Today, millions of people worldwide live with Alzheimer's or dementia, and the number will continue to grow as baby boomers reach senior citizenship.
As the dementia population grows, we must modify our world to accommodate its members' needs and experiences, ultimately nurturing a Dementia Capable Society — a rich landscape that empowers people with dementia to engage in meaningful activities and maintain a meaningful life, as well as a landscape that supports loved ones as they journey through the disease.
Indeed, the Alzheimer's Association states in Dementia Care Practice Recommendations for Assisted Living Residences and Nursing Homes [PDF] that “engagement in meaningful activities is one of the critical elements of good dementia care,” emphasizing that such opportunities can not only help residents maintain functional abilities, but also improve their overall quality of life.
To that aim, the organization establishes three fundamental objectives around which the document's proposals for social engagement are based:
- Providing a consistent context filled with personal meaning, a sense of community, options, and enjoyment
- Creating activities to perform with a resident, rather than to or for a person
- Respecting the resident's preferences, even if it means recognizing his or her tendency for isolation
Creating such experiences is critical for promoting the well-being of all parties affected by today's dementia care environment, from those living with the disease to their caregivers and healthcare providers, who may face physical, emotional, and financial strain as a result of their various relationships with the disease.
However, creating holistic dementia living and care settings takes time. It demands a strong, persistent, yet adaptable approach that the entire dementia care team can embrace. A critical component of developing such a thorough dementia care offering is establishing underlying best practices based on current research, generating quantifiable data, and being malleable enough to meet each resident’s unique needs — all of which are necessary factors in facilitating consistent positive outcomes.
This article sums up the fundamental ideas of dementia care best practices and demonstrates strategies for integrating the components into a successful, sustainable, and universal care system.
Understanding Core Principles
When developing a dementia care standard that will be implemented across the nursing home, it is critical to establish principles that are based on objective, quantifiable goals for residents, such as the following:
- Optimizing the quality of life, functional independence, health, and safety of each individual
- Advising and assisting family members and caregivers
- Reducing hospitalizations and the use of psychotropic medications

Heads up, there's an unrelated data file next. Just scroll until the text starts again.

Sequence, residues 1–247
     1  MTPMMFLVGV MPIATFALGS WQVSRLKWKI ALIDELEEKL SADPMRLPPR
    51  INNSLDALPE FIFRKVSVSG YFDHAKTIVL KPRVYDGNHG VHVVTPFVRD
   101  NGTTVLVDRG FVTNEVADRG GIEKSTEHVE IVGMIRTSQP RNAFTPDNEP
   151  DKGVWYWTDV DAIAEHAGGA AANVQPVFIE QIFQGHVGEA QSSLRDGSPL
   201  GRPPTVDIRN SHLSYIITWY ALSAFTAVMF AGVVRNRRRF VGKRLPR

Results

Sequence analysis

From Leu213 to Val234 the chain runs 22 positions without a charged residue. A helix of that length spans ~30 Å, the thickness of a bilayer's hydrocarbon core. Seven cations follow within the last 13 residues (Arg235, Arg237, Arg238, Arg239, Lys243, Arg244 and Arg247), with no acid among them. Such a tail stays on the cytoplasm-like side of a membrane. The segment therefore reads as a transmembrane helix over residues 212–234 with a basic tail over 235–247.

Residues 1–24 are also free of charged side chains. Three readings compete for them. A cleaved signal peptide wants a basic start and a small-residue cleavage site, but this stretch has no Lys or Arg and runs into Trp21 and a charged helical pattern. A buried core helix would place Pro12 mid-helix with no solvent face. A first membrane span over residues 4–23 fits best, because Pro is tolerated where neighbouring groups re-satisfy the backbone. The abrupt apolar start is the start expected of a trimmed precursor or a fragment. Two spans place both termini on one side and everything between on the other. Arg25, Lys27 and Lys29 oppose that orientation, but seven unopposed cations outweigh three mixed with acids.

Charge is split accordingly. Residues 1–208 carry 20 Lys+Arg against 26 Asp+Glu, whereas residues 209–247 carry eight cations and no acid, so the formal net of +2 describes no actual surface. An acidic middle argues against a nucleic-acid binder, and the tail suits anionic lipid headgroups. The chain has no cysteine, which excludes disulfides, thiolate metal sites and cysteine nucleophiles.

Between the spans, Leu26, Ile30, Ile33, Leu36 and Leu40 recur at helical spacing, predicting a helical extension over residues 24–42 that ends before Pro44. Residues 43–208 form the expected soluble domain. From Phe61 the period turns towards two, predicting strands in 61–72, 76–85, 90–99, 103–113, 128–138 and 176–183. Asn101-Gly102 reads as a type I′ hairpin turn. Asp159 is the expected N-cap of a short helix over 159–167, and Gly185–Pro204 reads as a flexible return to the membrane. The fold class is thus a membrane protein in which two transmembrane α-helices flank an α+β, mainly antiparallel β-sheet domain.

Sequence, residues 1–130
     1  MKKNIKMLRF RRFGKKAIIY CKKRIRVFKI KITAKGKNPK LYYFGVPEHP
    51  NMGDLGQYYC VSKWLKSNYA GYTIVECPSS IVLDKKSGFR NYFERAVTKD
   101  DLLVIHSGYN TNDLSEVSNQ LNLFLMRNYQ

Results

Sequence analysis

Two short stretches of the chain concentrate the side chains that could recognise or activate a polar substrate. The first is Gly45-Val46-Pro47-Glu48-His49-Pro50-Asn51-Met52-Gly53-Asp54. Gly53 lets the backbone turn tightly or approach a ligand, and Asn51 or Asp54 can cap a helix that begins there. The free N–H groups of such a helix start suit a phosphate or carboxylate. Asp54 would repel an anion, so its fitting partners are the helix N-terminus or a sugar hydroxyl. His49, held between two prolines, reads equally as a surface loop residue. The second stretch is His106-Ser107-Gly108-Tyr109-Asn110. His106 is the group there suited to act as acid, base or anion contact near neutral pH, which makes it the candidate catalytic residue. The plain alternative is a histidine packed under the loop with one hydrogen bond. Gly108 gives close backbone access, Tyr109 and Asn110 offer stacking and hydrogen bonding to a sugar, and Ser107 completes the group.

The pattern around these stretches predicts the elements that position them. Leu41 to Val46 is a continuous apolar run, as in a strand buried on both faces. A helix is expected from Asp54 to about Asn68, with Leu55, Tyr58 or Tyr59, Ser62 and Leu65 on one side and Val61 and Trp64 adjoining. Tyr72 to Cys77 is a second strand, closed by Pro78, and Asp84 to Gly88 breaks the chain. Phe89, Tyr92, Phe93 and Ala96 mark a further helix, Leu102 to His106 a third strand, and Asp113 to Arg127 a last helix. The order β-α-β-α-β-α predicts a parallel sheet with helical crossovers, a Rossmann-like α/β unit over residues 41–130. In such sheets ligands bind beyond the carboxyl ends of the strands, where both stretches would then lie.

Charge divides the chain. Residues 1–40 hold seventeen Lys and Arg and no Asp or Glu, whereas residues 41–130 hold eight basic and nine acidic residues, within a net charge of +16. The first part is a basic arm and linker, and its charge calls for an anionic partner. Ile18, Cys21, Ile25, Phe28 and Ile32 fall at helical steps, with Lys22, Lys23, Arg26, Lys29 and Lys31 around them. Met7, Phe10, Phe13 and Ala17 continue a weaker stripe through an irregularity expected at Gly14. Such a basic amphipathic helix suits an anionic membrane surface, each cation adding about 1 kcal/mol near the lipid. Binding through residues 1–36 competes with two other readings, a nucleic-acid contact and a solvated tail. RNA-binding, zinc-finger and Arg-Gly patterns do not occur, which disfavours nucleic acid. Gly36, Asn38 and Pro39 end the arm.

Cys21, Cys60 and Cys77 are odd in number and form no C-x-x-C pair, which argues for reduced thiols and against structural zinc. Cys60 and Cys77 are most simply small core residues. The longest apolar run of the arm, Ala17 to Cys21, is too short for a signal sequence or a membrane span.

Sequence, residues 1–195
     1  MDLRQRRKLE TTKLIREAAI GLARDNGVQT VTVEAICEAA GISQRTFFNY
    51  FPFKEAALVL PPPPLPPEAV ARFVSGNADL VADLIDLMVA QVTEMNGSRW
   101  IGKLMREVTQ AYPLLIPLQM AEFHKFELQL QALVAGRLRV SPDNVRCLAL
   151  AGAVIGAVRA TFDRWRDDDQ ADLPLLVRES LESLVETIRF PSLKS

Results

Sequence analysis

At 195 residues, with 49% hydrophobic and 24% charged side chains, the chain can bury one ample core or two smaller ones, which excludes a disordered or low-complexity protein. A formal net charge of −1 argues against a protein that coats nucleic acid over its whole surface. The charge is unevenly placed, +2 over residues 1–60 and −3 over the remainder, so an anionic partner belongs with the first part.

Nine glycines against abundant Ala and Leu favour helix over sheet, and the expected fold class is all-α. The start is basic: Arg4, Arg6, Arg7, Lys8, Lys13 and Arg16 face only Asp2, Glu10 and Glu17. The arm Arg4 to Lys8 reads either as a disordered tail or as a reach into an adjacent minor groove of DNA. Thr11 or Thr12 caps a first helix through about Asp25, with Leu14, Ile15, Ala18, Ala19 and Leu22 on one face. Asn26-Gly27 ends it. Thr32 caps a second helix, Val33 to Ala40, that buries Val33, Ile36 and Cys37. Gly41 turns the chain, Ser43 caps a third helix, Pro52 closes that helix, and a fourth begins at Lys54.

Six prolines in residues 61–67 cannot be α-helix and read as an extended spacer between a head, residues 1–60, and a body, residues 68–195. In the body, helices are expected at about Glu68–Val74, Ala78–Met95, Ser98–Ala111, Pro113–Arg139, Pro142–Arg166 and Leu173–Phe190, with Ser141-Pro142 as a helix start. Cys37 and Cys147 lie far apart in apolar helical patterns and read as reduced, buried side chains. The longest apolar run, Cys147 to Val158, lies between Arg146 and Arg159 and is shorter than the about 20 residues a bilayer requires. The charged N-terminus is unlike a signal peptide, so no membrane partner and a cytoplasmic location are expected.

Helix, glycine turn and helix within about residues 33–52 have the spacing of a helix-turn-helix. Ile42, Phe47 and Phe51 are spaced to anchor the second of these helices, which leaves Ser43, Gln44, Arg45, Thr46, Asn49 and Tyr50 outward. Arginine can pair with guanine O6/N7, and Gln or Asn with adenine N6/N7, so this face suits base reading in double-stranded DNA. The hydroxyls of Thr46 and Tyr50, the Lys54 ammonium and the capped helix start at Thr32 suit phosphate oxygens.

While providers must establish their own goals and principles based on the unique circumstances of their resident population, many of today's leading dementia care experts, including the Alzheimer's Association and the American Occupational Therapy Society, have agreed on certain general principles that serve as the foundation for virtually any Alzheimer's or dementia best practice. When successfully implemented, these factors work in unison to create person-centered and abilities-focused care. Let’s look into the key attributes of these sister philosophies.
The term "person-centered care" has a number of roots, one of which is Dr. Thomas Kitwood's social psychology. It entails offering treatments and actions motivated by the information we discover about each patient. Choice, respect, purposeful living, dignity, and self-determination are among the values that guide this contemporary approach, particularly when applied to dementia care. The key areas of emphasis are placing the person ahead of the task or sickness and framing care around the recipient's goals and needs.
This is another notion with disparate origins, though two of its key motivations are Claudia Kay Allen's work as an eminent occupational therapist and developer of a ground-breaking rehabilitation paradigm for people with cognitive disorders, as well as the occupational therapy profession itself. According to these sources, it is vital to focus on what a person with chronic, progressive cognitive impairment (such as that associated with Alzheimer's or dementia) can still perform rather than on the abilities he or she has lost. Assisting individuals in regaining access to these retained capacities at any stage of sickness and in any environment of care can help ensure that positive outcomes continue.
If you wish to know more about the different stages of dementia for elderly individuals, check out this Senior Strong article today!
William Rivers is an editor with a master’s degree in Human Services Counseling at Maine State University. He has more than 20 years of experience working in the senior healthcare industry.